Amy Slater knows something is lurking around the grounds of the Tower Motel. Since she was sixteen years old, Amy has been burdened with the secrets of her family’s estate: the disappearance of her aunt Sylvie forty years ago, her mother’s dementia, and a mysterious “thing” lurking around the house. Guarding this sordid history has driven away her best friends: Margot and Piper, who, along with Amy, had once spent summers exploring the dilapidated ruins of the motel, skating in the empty pool basins, or breaking into the miniature Tower of London that her grandfather had built for her grandmother, after emigrating from England to London, Vermont.
The Night Sister interweaves the present time of Amy, Margot, and Piper as adults with their high school years exploring the hotel in the 80s, along with the late 50s during the Tower Motel’s heyday. The period when Sylvie and Rose helped run the motel with their parents. They performed a show called the World Famous London Chicken Circus, featuring Sylvie hypnotizing chickens. Sylvie loved putting on shows for guests. She aspired to be an actress in Hollywood, wanting to become Alfred Hitchcock’s next leading blonde. Rose grudgingly performed with her sister, even letting Sylvie practice hypnosis on her—though it never worked. Rose was more reserved than Sylvie, preferring to tend to Lucy, the family’s beloved cow, helping their mother, Charlotte clean the house, or listening to grandma Oma tell her fairy tales.
The repressed secrets of the Tower Motel are brought to the surface when a series of heinous murders occur in the small town. Then, the mysteries of Sylvie’s disappearance, her strange letters to Alfred Hitchcock, and the motel’s secret 29th room can no longer be hidden, no matter how strange and twisted the truth may seem.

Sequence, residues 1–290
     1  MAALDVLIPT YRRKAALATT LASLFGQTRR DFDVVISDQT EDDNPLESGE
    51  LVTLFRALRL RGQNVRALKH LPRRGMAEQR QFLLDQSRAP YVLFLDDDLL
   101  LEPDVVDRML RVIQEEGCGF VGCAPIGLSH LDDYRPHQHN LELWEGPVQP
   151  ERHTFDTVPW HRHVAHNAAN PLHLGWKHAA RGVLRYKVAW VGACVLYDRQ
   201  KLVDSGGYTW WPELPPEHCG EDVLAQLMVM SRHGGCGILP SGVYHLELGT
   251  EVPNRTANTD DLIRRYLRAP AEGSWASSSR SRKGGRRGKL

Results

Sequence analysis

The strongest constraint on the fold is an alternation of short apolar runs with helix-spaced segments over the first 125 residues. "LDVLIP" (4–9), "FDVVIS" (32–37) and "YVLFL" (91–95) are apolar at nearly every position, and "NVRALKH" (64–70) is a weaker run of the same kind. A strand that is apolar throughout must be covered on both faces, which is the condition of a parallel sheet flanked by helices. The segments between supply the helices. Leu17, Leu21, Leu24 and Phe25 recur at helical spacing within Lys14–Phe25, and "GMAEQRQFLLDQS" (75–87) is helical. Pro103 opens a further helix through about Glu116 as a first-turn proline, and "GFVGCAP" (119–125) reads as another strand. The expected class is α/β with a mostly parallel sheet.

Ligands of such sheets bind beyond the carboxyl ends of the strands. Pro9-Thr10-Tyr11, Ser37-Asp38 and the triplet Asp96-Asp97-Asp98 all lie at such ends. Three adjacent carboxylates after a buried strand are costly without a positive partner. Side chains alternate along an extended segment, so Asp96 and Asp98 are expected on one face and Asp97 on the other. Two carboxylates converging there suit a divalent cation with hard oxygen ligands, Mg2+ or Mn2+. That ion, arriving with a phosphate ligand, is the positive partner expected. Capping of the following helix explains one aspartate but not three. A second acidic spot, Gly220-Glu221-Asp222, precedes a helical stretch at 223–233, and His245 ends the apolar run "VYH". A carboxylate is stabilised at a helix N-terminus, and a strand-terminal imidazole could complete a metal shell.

Besides the suspenseful plot, The Night Sister, contains a poignant portrayal of adolescence. Margot, Amy, and Piper’s complicated friendship, along with the strife between Sylvie and Rose, is deftly developed over the duration of the novel, adding a dose of pathos to the tale. Their moments of longing, inadequacy, and self-doubt form into petty jealousies, secrecy, and resentment which individuates each character’s own stake in the happenings occurring at the motel.
The Tower of London, an obvious symbol of secrecy and imprisonment, looming over the grounds of the motel, is the place where the teenagers dwell in these moments. It is the setting where they covet what’s tragically beyond their reach—such is the inherent strife and frustration of adolescence, evoked in this crude, two-story replica of an old castle.
Unfortunately, McMahon does not maintain the same standard in regards to her secondary characters. The father, his real name is never given—a symptom of how little he was developed—felt superfluous, especially in contrast to Charlotte, the mother. He exists only as the archetypical father figure, calm and stoic, lacking any personality. The same lack of precision could be applied to the strand of letters Sylvie had written to Hitchcock interspersed throughout the novel. They read like diary-entries rather than letters; like a storage compartment used by the author to cram in more exposition.
Overlooking its flaws, The Night Sister offers a suspenseful tale. Jennifer McMahon’s clearly a gifted storyteller. Her subtle and deceptive plots would remind any reader of an illusionist, luring her audience along like Sylvie’s hypnotized chickens before waiting to the last moment to pull back the curtain.
The Night Sister
August 4th, 2015